There are a few different elements, so I'll try to break them down for you.
The first sentence
is a very casual/colloquial way of saying
In other words, they are asking (semi-rhetorically) whether they have their phone.
As for their second sentence, 通じる is a verb which can mean 'communicate' or 'get through' (amongst others), which suits this context well.
づらい (as you note) is a suffix that means "hard to" or "difficult to". It is appended to the "base" of the verb (more formally, the 連用形 of the verb); for 通じる, the 連用形 is 通じ. So, here, you get a meaning of 'hard to communicate' or 'hard to get through'.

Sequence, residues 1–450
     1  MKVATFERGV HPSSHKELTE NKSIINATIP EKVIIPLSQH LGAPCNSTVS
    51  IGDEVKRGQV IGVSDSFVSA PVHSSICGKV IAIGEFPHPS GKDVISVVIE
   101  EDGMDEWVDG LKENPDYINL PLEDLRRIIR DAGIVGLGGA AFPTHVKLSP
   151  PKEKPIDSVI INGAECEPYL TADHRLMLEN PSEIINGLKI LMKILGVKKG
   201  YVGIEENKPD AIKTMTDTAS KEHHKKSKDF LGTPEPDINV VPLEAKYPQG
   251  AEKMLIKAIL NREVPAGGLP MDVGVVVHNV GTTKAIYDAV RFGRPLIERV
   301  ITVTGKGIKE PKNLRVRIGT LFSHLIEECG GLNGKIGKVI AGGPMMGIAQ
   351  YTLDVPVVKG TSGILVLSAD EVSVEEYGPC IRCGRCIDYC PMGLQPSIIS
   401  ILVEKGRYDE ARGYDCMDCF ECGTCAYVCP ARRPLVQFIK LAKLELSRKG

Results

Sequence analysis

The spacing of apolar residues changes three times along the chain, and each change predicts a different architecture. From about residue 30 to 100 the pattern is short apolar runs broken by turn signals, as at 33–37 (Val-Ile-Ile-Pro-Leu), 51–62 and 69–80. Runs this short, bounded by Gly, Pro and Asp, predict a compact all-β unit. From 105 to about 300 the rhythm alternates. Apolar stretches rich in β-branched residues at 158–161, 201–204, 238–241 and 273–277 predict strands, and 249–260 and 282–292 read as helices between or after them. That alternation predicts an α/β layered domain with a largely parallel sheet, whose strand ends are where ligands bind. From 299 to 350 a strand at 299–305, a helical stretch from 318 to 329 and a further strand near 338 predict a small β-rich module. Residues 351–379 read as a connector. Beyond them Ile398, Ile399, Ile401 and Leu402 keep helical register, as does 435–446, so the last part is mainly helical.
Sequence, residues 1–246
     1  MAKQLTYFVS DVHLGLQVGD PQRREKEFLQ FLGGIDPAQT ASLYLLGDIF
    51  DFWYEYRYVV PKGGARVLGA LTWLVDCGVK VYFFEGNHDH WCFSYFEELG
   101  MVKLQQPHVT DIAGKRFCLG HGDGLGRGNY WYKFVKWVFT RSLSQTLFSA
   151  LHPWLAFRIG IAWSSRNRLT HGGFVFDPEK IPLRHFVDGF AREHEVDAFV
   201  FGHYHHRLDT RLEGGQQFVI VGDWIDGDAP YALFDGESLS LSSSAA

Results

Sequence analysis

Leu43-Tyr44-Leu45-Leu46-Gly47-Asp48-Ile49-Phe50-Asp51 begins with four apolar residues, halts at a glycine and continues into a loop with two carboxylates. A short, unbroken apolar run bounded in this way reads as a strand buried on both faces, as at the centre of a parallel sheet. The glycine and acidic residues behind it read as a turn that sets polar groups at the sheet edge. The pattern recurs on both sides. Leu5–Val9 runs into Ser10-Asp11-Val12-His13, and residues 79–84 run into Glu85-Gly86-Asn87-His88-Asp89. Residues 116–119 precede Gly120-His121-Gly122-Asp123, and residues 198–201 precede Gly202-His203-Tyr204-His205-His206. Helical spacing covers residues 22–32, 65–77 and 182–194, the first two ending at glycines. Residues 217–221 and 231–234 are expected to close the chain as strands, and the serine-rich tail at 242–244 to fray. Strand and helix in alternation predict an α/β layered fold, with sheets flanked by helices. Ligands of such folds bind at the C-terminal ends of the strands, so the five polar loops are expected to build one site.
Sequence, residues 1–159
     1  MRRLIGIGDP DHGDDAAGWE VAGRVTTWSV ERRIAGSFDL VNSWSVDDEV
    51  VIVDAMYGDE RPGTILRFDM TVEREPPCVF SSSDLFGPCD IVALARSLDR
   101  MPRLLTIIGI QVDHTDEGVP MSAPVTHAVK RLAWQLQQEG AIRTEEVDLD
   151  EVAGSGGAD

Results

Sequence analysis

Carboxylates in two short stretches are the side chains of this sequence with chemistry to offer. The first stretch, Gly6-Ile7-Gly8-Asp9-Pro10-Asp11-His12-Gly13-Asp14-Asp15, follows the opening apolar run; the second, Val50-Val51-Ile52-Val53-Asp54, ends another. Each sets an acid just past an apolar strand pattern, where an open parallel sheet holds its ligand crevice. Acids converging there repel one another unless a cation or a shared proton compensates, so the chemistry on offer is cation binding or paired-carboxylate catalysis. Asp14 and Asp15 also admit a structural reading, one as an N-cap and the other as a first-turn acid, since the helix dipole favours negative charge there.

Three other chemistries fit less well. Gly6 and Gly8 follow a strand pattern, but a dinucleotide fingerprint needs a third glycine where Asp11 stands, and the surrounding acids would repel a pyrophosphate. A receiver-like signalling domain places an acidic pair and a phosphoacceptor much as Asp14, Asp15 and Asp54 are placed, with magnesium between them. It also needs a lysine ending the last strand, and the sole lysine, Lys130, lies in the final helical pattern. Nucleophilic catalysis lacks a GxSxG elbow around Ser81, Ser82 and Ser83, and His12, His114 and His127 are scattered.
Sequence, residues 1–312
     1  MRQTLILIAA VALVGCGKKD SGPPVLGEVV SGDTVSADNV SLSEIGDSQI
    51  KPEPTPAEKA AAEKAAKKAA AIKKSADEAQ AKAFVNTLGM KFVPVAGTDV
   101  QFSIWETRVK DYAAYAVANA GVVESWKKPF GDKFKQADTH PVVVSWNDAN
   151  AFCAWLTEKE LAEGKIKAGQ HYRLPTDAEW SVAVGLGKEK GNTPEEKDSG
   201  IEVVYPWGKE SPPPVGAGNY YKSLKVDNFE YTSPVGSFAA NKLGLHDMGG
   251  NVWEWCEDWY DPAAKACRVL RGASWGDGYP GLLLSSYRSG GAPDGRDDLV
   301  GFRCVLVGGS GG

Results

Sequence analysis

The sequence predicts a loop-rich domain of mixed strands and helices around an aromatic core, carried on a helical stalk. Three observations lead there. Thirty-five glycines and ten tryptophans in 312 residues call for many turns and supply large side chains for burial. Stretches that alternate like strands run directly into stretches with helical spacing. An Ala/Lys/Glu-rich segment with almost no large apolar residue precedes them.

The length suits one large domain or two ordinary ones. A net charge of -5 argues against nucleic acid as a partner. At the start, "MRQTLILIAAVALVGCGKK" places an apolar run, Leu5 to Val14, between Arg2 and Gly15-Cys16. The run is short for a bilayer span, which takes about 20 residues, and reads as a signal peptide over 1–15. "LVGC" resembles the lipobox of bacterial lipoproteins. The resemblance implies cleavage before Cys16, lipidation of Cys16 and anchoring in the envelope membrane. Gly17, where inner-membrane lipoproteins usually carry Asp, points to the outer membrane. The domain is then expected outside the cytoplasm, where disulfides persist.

The んだ is adding emphasis (see this post), and the よ is further strengthening the statement by making it exclamatory.
From what you've said as context, therefore, it sounds like the character speaking is a bit irritated that they weren't able to get through to the other person before, and is scolding them a bit. I'd translate both sentences into natural English as something like:
You have your mobile phone, don't you? You're so hard to get hold of.